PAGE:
Checkout a 1987 model Matador van kept in mint condition

There was a time when the Matador ruled the Indian Van scene. It was one of the leading LCVs of India during the 1970s and 80s. Made by Force Motors in India, the MataDor harks back its roots to Germany where it was first made by a manufacturer known as Tempo. Based out of Hamburg, the company was founded by Oscar Vidal in 1924 and was a popular manufacturer back then. The video below by Retro Classics India gives a good look at an excellently maintained Force Matador Van which seems to have just rolled out of the factory. Take a look at the video below before we move on to the details of the vehicle.

As seen in the video, this Matador has indeed been kept in pristine condition. Even the paint job has been maintained to the original standards, though a new coat might have been applied on top. Almost every adult above the age of 30 must have a memory of this car as it was used for various purposes in India. One of the most popular uses of the Matador was as a school van and a lot of 80s kids might have fond memories of the vehicle. Other areas where the Matador was used included hospital vans, bank vehicles and family vehicle.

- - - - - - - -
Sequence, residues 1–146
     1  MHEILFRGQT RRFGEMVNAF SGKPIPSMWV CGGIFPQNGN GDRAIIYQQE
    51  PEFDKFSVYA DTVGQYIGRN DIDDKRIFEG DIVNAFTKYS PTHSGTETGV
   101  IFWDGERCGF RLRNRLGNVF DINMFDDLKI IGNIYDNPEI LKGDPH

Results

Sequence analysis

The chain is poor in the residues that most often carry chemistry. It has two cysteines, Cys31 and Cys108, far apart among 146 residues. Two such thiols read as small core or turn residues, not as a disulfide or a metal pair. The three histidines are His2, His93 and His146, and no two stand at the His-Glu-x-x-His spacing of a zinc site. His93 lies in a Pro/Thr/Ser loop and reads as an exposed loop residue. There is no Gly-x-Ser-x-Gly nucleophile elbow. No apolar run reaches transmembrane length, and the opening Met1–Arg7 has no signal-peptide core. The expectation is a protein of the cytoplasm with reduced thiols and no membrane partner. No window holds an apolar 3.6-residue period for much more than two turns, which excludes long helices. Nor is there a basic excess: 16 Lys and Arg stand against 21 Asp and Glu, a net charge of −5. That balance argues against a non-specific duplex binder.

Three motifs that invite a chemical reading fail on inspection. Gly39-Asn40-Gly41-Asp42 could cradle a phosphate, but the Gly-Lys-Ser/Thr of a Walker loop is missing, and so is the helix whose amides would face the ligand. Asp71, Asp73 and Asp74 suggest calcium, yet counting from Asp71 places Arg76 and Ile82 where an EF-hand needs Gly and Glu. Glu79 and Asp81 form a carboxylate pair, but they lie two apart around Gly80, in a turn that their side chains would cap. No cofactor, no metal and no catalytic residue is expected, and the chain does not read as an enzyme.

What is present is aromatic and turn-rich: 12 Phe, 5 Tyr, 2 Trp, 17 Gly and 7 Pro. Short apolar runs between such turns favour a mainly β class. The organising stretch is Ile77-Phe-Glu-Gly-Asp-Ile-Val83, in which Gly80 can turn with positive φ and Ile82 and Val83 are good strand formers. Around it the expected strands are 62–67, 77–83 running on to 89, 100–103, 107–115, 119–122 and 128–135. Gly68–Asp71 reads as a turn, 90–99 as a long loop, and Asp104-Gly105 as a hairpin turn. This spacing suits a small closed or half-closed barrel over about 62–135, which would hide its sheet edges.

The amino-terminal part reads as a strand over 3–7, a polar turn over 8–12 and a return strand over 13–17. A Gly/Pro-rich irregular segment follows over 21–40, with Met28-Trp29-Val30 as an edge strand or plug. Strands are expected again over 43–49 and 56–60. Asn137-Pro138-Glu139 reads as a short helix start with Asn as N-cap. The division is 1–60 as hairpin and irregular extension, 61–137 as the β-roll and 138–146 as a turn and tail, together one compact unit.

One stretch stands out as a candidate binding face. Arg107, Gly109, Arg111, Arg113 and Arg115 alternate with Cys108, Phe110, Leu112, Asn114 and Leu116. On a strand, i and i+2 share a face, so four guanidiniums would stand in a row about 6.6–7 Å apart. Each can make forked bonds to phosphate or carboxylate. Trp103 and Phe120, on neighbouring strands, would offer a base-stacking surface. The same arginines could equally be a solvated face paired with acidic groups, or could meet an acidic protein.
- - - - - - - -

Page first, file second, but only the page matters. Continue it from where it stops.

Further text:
Going a bit though the history of the Matador, it was first brought to India by Bajaj Tempo (initially the Bachraj Trading company), which was established around 1945. Later on, Bajaj Tempo started a joint venture with Tempo and manufactured several vehicles for sales in India. The Matador was one of these vehicles. In 1971 Tempo sold its stake to Daimler-Benz and the latter retained a 16.8 per cent share in Bajaj Tempo. In 1968 the Firodia Group took a majority stake in Bajaj Tempo and the company was renamed as Force Motors in 1968. The term Tempo is now synonymous with three-wheeled carrier vehicles in India but as you know now, it was actually the name of a German manufacturer.

Checkout a 1987 model Matador van kept in mint condition

The Matador had two popular variants, the F 305 and the F 307 in India. It was also used by large families for get-togethers and picnics which is the reason it is a common sight in old Bollywood flicks. The 10 seater van by Force Motors in India was quite a versatile vehicle and also came in a pick-up configuration. Although it was mainly sold as a front-wheel-drive variant, the Matador had one rear-wheel-drive model as well.

The Matador diesel was quite popular back in the day and was powered by a 1.8-litre diesel engine. This engine churned out about 50 bhp of power (in the F305 variant) and came with a four-speed, all-synchromesh manual transmission. The Matador slowly faded from the scene with the advent of more reliable and efficient options like the Maruti Omni but still remains one of the earliest passenger vehicles of India.